Mutual Funds vs Stocks  – Deciding Which is Best For You

There are many different places to allocate your money when it comes to stock market investing. Including stocks, bonds, ETFs and mutual funds. But today, it’ll be mutual funds vs stocks. And before you decide what is best for your needs—you need to know what they are. I will provide a brief description of each, below.

Stocks

The stock of a corporation is all the shares into which ownership of that corporation is divided. Essentially, a stock is a part ownership of a business. This provides you with an opportunity to profit when the share price goes up and lose when the share falls.

Here is a short video from my YouTube channel where I explain what a stock is in more detail.

Mutual Funds

A mutual fund is an investment fund that is professionally managed and pools money from investors to purchase securities. Mutual funds typically charge annual fees of 0.50-2% and are generally comprised of stocks and/or bonds.

Now that you know what they are, it’s time to explore these options and give you a better understanding of each.

Click the link below to learn what a mutual fund is—on my YouTube channel!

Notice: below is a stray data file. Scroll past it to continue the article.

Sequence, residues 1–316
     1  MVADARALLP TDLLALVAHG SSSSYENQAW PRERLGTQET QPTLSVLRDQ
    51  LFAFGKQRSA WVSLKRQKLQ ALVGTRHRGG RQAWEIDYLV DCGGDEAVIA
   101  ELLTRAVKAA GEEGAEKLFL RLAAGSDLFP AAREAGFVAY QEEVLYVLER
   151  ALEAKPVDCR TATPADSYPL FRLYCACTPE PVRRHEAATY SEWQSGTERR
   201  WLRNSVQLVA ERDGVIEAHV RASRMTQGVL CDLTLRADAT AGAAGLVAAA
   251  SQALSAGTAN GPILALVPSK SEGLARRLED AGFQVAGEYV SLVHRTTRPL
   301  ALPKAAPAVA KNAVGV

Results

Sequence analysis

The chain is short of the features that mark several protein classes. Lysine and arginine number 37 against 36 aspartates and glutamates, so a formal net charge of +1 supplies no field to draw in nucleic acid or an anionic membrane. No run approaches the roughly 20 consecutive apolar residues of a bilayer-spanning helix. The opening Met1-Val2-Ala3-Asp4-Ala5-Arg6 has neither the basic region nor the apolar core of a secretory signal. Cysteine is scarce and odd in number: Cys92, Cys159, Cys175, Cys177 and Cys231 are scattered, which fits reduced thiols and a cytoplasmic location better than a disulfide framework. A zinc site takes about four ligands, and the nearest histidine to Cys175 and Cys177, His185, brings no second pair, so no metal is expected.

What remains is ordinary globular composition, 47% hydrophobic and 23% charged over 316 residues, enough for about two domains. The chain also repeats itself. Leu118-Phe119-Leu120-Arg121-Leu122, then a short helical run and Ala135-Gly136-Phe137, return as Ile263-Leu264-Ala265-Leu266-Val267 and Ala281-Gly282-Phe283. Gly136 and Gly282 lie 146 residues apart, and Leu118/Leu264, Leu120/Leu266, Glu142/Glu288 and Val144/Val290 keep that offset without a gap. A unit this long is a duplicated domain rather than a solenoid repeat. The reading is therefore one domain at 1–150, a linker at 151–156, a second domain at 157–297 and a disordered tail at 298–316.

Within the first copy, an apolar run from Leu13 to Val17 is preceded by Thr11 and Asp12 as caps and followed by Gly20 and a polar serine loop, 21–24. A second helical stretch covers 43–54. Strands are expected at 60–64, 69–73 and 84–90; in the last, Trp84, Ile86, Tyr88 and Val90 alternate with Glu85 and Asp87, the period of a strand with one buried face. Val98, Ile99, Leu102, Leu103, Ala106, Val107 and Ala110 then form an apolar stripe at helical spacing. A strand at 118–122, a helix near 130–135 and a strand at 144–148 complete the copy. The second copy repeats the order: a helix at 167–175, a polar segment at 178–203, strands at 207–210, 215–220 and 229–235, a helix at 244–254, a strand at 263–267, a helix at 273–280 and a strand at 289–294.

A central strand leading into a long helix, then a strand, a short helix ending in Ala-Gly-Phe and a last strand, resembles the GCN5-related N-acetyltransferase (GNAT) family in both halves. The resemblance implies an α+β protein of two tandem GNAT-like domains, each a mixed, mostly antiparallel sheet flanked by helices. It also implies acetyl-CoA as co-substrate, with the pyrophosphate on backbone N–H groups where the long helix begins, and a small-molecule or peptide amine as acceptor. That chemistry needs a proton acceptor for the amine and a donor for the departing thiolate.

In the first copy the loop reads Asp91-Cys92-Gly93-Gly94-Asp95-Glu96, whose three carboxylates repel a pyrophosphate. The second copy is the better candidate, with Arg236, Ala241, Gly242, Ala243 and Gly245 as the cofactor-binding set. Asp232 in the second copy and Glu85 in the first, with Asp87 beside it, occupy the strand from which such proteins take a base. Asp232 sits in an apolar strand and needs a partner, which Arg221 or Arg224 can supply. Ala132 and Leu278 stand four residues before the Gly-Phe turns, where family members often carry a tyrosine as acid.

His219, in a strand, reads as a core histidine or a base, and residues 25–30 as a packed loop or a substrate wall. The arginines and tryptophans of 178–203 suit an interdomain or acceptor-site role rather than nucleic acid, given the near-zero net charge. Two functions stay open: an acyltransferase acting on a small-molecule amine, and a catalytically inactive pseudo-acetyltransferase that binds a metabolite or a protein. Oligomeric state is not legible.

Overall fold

Stocks – Advantages

I will now explore some of the advantages of purchasing your own stocks.

Highly Liquid

Stocks are highly liquid, meaning they can be readily bought and sold during trading hours. This, of course, depends on the stock; however, stocks are more easily bought and sold than mutual funds, as I will explain further below.

No Management Fees

You can potentially save 0.50-2% a year by purchasing your own stocks. This may not sound like a lot; however, when we consider the average US stock market returns over the past 100 years, we see a different story.

The S&P 500 index grows by about 10% a year including dividends. Therefore, a 2% annual management fee is reducing your potential gains by 20% annually.

If you want to attain average market returns through a fund without paying significant fees, you should consider the Vanguard S&P 500 ETF. This fund has a minimal annual expense ratio of 0.04%.

You Control Your Money

When purchasing your own stocks, you are the fund manager. Depending on your situation, you may consider this a disadvantage; however, I consider this factor an advantage.

If you prefer your funds managed by a professional, that is fine. You will simply have to pay annual fees of around 0.50-2.00% for this privilege or consider an index fund as mentioned above.